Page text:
Sunday, December 11, 2016

Awkwardness Ahead: Did I Just Gaijin Smash?!

"Gaijin Smash" "Gaijin Card" "Gaijin Privilege"--when pushy foreigners get special services or break rules without repercussions simply by virtue of being giant pushy foreigner-san. Not nice, but common enough to make regular appearances in the expat blogs and forums.

However, I wonder if most often the Gaijin Smash is done completely unintentionally and therefore goes unrecorded. For example, a foreigner tries to get some service that is perfectly routine in their own country, and simply don't know that it's not done here, so you end up with the American saying "No pickles or tomatoes please!" in the foodcourt hamburger place while the poor little baito highschool kid behind the counter flusters with the manager about whether a pickle and tomato-less order can possibly be served, the manager sighs but comes out and makes the hamburger himself--a disruption of the hamburger-building line which will make the next 5 orders a minute late each--smiling as if nothing is amiss. The blissfully unaware American customer accepts his custom order as a matter of course.

It just (maybe??) happened to me, for the nth time.

I went into a bakery to get a stollen for a friend. Stollen are German fruit breads eaten during the Christmas season (not to be confused with fruitcake; stollen are quite delicious), and for some reason a staple in Japanese bakeries this time of year, but for a high price--perhaps because of the amount of butter and marzipan used. They're a little fancy and make good Christmas/end of the year gifts. Anyway, I went into the shop, and there were baskets of stollen in all sizes, some the size of Baby Jesus boxed up and sporting price tags over $50. That's not quite appropriate so I go for the smallest unboxed stollen for $10, and right next to it is a sign that says, WE'LL WRAP YOUR STOLLEN IN THIS CUTE GIFT BAG FOR ONLY 50 CENTS MORE!! Great! Wrapping cuteness all taken care of. I get my stollen and get in line. When it's my turn, I say in Japanese, "I'll have it gift-wrapped, please." And then it happens. The little baito girl makes the batsu X sign with her arms and shouts in English, "NO WRAPPING!"
What?? Did I misunderstand the sign? But it was right on the basket of mini stollen. I read it like 4 times to make sure, because I always want to avoid these kinds of situations. Then I see it, on the counter, right next to me, another basket of the mini stollen with the same sign. So I do it, the Gaijin Smash. I persist. I'm no good at wrapping baked goods to look cute by Japanese standards. I need this wrapped! I point to the sign in desperation, "Can't I get it wrapped like this?" The poor girl disappears to the back of the shop to confer with manager. Manager appears, smiling angelically while she digs around in some drawers and finally produces the little bag identical to the one on the sign. I stare at the bag. I know how things are typically done here. It is definitely a mini stollen-sized bag. It could have no other purpose...right? I felt hot color rising from my neck into my cheeks and ears. I must have read the sign wrong. I must have missed some fine print, like "when combined with a Snowman Bun" or "after December 15th." If so, why wouldn't they explain it to me? Why just awkward smiles while fumblingly fulfilling my request?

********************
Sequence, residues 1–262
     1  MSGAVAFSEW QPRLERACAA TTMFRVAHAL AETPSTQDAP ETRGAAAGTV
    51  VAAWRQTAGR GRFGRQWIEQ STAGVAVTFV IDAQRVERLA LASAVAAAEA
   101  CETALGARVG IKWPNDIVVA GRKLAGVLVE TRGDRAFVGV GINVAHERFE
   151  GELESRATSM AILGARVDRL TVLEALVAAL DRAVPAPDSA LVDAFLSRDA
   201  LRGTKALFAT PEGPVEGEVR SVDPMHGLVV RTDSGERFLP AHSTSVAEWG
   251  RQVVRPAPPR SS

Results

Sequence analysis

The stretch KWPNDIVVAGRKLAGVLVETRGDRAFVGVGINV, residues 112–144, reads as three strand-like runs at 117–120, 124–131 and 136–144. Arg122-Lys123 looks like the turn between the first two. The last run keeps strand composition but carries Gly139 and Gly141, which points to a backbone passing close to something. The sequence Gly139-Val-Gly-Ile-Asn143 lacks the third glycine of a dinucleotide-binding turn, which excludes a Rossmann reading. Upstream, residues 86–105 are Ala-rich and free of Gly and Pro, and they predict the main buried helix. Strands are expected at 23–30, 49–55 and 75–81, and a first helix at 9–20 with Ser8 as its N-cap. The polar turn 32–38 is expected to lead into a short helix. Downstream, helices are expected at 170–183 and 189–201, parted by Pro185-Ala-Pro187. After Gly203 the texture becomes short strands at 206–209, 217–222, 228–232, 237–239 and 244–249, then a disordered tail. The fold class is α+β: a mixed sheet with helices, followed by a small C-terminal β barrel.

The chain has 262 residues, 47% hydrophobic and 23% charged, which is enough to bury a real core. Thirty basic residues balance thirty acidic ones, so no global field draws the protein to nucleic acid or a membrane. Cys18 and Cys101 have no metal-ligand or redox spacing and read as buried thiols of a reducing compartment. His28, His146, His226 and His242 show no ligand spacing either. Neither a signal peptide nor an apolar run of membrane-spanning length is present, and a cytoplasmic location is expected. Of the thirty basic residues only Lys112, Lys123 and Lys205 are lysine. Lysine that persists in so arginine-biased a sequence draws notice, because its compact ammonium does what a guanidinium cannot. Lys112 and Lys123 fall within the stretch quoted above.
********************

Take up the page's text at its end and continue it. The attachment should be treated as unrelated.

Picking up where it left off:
Perhaps the girl simply didn't know about the shop's stollen campaign. Perhaps she showed up from classes 2 minutes before her shift began and manager had no time to explain about the bags. Perhaps no one was buying mini stollen and asking for them wrapped, and it was their first time. The thing is, service is usually so good in Japan, so smooth and polished, that instances like these always make me doubt my Japanese skills and wonder if I'm in the midst of committing another unintentional Gaijin Smash.

In this case, like most others, I'll never know if the problem was mine or theirs. But at least I got my stollen, wrapped.

And that's how the awkwardness goes most days, of trying to feel like a functioning adult in this society, and being reminded otherwise more often than I'd like.

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